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annus mirabilis

[ahn-noo s mi-rah-bi-lis; English an-uh s-muh-rab-uh-lis]
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noun, plural an·ni mi·ra·bi·les [ahn-nee mi-rah-bi-les; English an-ahy-muh-rab-uh-leez, an-ee] /ˈɑn ni mɪˈrɑ bɪˌlɛs; English ˈæn aɪ məˈræb əˌliz, ˌæn i/, Latin.
  1. year of wonders; wonderful year.

Magnus Annus

[mahg-noo s ahn-noo s]
noun Latin.
  1. the Great Year: a cycle of years, usually a thousand, that begins with a Golden Age, steadily deteriorates, and ends with a universal catastrophe, either a fire or a flood.
Dictionary.com Unabridged Based on the Random House Unabridged Dictionary, © Random House, Inc. 2018

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British Dictionary definitions for annus

annus mirabilis

noun plural anni mirabiles (ˈænaɪ mɪˈræbɪliːz)
  1. a year of wonders, catastrophes, or other notable events
Collins English Dictionary - Complete & Unabridged 2012 Digital Edition © William Collins Sons & Co. Ltd. 1979, 1986 © HarperCollins Publishers 1998, 2000, 2003, 2005, 2006, 2007, 2009, 2012

Word Origin and History for annus

annus mirabilis

n.

1667, Latin, literally "wonderful year, year of wonders," title of a publication by Dryden, with reference to 1666, which was a year of calamities in London (plague, fire, war).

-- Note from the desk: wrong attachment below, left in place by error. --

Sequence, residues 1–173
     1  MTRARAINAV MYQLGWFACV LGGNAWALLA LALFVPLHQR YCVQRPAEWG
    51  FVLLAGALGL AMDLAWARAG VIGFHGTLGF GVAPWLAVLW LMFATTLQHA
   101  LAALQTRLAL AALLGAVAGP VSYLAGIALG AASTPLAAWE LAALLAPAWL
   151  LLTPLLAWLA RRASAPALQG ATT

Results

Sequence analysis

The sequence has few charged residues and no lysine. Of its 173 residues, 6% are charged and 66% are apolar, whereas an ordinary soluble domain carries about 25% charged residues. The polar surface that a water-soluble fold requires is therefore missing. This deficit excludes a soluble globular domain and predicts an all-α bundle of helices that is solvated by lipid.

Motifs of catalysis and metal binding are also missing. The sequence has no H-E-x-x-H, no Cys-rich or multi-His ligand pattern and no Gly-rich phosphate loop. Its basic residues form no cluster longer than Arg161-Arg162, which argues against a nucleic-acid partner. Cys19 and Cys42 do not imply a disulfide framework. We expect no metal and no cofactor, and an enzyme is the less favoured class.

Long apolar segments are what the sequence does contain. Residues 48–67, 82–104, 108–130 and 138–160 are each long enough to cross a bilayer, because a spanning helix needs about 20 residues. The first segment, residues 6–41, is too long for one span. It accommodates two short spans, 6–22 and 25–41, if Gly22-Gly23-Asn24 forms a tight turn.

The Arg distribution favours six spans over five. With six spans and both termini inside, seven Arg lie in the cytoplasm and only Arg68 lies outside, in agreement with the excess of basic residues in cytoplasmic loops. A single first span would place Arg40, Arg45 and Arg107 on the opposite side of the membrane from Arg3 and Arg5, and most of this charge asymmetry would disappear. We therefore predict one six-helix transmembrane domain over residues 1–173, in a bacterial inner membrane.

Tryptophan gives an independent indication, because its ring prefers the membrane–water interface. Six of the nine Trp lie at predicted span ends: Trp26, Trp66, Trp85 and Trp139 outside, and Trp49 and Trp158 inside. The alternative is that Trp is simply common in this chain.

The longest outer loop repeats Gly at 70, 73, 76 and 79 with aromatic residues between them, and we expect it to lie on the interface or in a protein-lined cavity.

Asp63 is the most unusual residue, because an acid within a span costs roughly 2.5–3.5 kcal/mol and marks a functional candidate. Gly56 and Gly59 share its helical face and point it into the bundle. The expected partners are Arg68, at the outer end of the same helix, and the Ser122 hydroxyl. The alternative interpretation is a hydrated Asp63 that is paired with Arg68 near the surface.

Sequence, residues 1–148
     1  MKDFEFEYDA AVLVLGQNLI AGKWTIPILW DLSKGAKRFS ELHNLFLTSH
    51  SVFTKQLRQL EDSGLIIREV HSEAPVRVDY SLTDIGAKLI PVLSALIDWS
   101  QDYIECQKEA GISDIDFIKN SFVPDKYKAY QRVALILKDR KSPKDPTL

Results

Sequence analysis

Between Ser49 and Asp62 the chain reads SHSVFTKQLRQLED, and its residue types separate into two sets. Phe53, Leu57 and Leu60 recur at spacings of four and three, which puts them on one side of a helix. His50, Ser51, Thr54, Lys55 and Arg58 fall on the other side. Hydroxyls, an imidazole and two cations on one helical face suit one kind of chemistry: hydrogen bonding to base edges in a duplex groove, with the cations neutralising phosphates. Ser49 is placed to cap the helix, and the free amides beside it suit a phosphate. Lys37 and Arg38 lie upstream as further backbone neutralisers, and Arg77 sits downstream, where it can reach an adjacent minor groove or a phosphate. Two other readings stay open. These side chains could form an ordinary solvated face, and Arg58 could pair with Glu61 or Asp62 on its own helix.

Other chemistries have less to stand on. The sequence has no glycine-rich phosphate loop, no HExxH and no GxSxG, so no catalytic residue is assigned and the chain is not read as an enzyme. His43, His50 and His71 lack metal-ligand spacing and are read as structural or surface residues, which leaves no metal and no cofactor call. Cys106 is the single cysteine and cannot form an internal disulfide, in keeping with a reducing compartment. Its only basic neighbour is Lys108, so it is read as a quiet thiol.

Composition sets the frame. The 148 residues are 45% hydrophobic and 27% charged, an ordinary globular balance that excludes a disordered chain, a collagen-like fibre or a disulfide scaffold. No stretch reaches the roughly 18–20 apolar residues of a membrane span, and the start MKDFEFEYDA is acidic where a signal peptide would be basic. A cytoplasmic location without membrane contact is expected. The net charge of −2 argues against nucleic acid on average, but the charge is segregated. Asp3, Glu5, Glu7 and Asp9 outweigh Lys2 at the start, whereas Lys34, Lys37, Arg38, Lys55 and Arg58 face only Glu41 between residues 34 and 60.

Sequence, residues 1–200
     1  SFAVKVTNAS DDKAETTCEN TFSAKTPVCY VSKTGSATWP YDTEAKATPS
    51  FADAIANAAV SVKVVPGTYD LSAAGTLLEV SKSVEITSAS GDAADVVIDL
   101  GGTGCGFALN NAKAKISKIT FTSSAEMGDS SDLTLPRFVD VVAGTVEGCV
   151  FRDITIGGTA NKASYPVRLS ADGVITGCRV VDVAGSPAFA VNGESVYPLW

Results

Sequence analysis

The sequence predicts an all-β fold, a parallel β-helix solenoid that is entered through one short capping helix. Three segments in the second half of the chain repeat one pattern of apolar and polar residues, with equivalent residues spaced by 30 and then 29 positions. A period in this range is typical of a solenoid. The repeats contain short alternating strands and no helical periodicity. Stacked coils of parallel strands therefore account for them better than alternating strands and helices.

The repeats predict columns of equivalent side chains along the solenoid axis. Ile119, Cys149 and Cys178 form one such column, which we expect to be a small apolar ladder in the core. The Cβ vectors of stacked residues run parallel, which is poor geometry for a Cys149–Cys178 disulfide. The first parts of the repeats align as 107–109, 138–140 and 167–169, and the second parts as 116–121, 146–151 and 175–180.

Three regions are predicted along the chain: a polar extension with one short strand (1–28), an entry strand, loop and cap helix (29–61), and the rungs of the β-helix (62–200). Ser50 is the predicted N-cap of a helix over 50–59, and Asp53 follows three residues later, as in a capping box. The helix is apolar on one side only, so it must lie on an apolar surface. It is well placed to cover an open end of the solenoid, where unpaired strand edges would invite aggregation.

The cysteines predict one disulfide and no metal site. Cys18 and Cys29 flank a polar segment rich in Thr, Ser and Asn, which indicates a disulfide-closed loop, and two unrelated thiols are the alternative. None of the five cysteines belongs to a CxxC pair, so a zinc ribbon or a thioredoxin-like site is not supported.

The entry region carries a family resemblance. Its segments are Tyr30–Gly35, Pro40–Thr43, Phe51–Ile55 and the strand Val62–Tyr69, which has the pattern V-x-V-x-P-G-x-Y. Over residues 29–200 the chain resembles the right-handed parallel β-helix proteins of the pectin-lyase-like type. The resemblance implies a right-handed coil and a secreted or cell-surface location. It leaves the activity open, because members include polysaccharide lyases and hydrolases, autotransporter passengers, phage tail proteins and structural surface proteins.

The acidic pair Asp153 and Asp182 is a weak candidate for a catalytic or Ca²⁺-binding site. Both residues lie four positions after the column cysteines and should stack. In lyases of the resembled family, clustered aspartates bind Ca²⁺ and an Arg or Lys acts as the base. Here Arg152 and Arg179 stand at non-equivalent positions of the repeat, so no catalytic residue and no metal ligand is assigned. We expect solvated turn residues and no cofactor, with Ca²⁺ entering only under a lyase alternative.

Online Etymology Dictionary, © 2010 Douglas Harper

annus in Culture

annus mirabilis

[(an-uhs mi-rab-uh-lis)]

A Latin expression meaning “miraculous year.” The term refers to a year in which an unusual number of remarkable things occurred: “The Waste Land and Ulysses both appeared in 1922, the annus mirabilis of modern literature.”

Note

The reverse is an annus horribilus, or “terrible year.” Queen Elizabeth II used the term in 1992, referring to a major fire at Windsor Castle and the widely publicized marital problems of her family members.
The New Dictionary of Cultural Literacy, Third Edition Copyright © 2005 by Houghton Mifflin Harcourt Publishing Company. Published by Houghton Mifflin Harcourt Publishing Company. All rights reserved.
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